So I've not used Siri
much - for all that it's the headline feature of my phone, I find the camera more useful, and I'm a bit... British, and self conscious about talking to my devices... at least when people are around.
Still there's something compelling about having a real world device that I can talk with naturally, and which understands me (albeit limitedly) It makes my inner sci-fi geek giddy! So now and then something grabs me and I try it out. The last thing I played with for any length of time was the spooky but fascinating Wolfram Alpha aeroplane trick
which - disappointingly - then refused to work when I wanted to show it to my Ex over dinner the other night (happily he has a 4S too and understood how fickle Siri can be - it is still in Beta after all...)
Today I stumbled on another thing, less spooky but more useful than asking about planes overhead. I was writing my Niece's birthday card and (since I can never remember the post code) wanted to look up my brother's address. In the privacy of my own home and with the phone right there I held down the home button and said "what's my brother's address" Siri asked me my brother's name, then asked if I wanted it to remember he is my brother, then supplied his address. Neat! I thought. OK so (in spite of the fact that the word "brother" is in my brother's address book card) there's some learning involved in that function. Fair enough.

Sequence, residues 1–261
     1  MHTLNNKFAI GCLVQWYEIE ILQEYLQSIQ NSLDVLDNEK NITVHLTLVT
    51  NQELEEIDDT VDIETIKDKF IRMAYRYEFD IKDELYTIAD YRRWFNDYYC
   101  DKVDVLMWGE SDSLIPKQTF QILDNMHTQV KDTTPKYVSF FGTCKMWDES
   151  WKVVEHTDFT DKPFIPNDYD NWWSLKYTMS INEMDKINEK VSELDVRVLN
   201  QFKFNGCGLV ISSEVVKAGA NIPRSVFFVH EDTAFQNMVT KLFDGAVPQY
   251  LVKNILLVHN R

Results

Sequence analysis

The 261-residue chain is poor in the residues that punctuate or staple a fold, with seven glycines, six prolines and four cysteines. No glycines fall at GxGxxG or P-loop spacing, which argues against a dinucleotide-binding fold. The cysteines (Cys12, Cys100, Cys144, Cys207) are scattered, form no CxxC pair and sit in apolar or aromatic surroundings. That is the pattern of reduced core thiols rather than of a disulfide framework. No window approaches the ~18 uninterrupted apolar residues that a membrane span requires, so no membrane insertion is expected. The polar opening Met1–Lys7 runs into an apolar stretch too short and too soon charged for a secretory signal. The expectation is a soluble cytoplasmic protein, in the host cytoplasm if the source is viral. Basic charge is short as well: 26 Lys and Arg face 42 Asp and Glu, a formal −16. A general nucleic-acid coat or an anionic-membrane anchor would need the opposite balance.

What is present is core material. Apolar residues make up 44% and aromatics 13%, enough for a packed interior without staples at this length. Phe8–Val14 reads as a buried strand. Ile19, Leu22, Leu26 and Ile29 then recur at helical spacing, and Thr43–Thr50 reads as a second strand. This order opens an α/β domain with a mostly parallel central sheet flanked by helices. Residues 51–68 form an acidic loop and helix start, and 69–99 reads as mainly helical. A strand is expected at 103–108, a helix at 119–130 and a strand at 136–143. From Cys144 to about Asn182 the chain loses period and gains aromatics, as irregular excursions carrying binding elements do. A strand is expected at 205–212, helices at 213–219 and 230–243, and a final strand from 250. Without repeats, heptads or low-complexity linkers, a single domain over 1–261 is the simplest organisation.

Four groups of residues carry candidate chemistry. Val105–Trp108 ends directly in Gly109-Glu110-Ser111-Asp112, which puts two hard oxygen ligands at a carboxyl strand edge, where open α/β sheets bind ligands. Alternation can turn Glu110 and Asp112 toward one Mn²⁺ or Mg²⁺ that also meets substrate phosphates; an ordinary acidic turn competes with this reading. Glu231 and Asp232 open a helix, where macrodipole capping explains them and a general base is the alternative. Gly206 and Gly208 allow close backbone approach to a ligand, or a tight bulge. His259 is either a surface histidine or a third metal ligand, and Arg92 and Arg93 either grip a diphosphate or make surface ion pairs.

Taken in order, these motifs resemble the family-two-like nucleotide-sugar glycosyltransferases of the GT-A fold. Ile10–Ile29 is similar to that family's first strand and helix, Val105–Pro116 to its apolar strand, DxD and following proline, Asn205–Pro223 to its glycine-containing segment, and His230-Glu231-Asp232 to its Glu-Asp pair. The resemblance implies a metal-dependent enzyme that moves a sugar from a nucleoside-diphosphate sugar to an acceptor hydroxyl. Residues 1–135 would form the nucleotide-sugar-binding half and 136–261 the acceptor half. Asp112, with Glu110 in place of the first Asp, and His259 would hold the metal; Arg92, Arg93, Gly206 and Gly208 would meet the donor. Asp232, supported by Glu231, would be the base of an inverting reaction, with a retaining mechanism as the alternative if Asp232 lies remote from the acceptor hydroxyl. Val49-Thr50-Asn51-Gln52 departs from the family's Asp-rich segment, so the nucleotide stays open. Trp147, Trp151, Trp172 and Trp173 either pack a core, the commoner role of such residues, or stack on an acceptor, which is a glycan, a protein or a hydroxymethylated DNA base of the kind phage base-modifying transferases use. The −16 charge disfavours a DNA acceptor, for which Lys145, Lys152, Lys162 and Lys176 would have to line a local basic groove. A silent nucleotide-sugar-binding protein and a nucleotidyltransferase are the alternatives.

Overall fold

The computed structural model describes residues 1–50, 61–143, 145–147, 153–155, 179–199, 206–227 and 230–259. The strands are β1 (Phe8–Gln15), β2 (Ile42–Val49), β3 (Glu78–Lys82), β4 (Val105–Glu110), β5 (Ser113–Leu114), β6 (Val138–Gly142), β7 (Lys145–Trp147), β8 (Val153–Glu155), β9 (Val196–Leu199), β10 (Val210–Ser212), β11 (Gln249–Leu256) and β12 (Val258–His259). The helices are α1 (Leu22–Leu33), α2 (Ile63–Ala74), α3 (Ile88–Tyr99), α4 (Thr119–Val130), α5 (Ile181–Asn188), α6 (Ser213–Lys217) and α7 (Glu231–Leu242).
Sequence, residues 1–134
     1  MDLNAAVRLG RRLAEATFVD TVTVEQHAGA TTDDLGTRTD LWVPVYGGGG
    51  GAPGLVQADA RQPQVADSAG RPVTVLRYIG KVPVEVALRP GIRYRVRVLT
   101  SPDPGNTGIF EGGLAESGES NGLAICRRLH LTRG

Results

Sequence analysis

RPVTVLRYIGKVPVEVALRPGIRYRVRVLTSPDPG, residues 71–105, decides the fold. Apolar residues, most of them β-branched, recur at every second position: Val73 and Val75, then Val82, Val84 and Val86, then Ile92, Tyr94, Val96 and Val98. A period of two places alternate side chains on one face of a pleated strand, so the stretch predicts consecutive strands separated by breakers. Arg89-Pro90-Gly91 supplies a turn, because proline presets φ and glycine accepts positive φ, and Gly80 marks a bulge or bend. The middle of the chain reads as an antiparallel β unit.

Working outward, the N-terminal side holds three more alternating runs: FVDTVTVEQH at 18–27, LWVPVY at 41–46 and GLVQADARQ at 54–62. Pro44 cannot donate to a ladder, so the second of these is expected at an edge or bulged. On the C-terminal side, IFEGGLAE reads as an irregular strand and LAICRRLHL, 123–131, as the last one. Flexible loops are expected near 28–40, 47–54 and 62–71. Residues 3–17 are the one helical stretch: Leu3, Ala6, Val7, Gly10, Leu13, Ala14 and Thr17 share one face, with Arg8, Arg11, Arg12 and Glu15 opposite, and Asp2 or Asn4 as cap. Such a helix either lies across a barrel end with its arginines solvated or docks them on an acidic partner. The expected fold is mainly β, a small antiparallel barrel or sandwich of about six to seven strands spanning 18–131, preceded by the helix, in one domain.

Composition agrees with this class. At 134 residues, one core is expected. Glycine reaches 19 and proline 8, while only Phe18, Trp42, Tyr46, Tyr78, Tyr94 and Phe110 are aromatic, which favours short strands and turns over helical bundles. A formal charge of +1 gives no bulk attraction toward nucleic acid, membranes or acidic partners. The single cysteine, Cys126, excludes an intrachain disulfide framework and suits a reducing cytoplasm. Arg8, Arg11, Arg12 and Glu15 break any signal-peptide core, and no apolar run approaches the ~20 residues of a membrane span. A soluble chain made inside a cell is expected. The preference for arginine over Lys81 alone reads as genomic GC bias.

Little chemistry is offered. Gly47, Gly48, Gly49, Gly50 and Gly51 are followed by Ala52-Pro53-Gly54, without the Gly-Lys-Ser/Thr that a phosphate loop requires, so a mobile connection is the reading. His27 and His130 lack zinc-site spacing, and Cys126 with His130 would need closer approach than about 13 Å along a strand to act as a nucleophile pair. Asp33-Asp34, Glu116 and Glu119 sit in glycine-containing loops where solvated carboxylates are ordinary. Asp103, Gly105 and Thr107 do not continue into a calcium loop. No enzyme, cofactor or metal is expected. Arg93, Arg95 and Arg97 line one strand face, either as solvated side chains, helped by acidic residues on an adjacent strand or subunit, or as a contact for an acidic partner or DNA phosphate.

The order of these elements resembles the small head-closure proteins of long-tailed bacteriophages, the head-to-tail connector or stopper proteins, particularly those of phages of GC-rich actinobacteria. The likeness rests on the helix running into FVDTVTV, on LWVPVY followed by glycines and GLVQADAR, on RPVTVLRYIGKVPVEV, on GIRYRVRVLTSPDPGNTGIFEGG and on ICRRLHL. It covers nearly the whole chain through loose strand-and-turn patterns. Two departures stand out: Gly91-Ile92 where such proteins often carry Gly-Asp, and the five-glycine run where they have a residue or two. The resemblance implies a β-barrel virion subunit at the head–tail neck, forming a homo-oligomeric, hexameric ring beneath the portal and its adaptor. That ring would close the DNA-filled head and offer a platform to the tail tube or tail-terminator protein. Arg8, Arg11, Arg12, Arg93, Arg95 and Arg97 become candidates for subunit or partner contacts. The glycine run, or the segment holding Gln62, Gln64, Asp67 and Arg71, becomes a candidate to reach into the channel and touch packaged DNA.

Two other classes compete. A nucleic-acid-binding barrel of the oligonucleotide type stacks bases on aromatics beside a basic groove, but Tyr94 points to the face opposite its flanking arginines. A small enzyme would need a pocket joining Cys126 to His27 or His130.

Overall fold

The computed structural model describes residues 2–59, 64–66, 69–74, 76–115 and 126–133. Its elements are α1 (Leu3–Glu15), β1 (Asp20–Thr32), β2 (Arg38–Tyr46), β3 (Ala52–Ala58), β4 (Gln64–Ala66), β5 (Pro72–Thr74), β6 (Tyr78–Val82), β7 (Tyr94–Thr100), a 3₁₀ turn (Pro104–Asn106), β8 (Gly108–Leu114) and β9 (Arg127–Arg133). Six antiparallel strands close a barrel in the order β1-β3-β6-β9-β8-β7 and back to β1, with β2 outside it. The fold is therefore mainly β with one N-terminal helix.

... and (it being Sunday) off I went asking Siri for credentials from as many family members as I could think of, all went swimmingly until I reached my Aunt:
Me: "What is my Aunt's address?"
Siri: "What is your Aunt's name?"
Me: "Anne Robertshaw"
Siri: [displaying "Robertshaw"] ... thinks ... "do you want me to remember that Patrick Robertshaw is your Aunt?"
Me: [sigh] "cancel"
fair enough I thought, "Anne" can be misheard as "an", and faced with an apparent ambiguity Siri's little brain picks the primary Robertshaw from its database and (naturally) pulls up me! Fail.
So, I think, on with the experiment:
Me: "What is my Uncle's address?"
Siri: "What is your Uncle's name?"
Me: "Colin Robertshaw"
Siri: "Calling Anne Robertshaw, which number?"
Me: [incredulous sigh] "cancel"
I'm a bit baffled by this. If it can hear "Anne" in the context of placing a call, how come not in the context of assigning metadata to address book entries? Still more perplexing is its refusal to recognise Colin's name as anything other than an attempt to call his sister! (I tried several times.)
I'm not complaining. I live in the future, and while I may not have a flying car or a robot housekeeper, I do
have a quite amazing pocket computer which (mostly) understands natural spoken word commands... but the name thing has me baffled and amused. So I thought I'd share.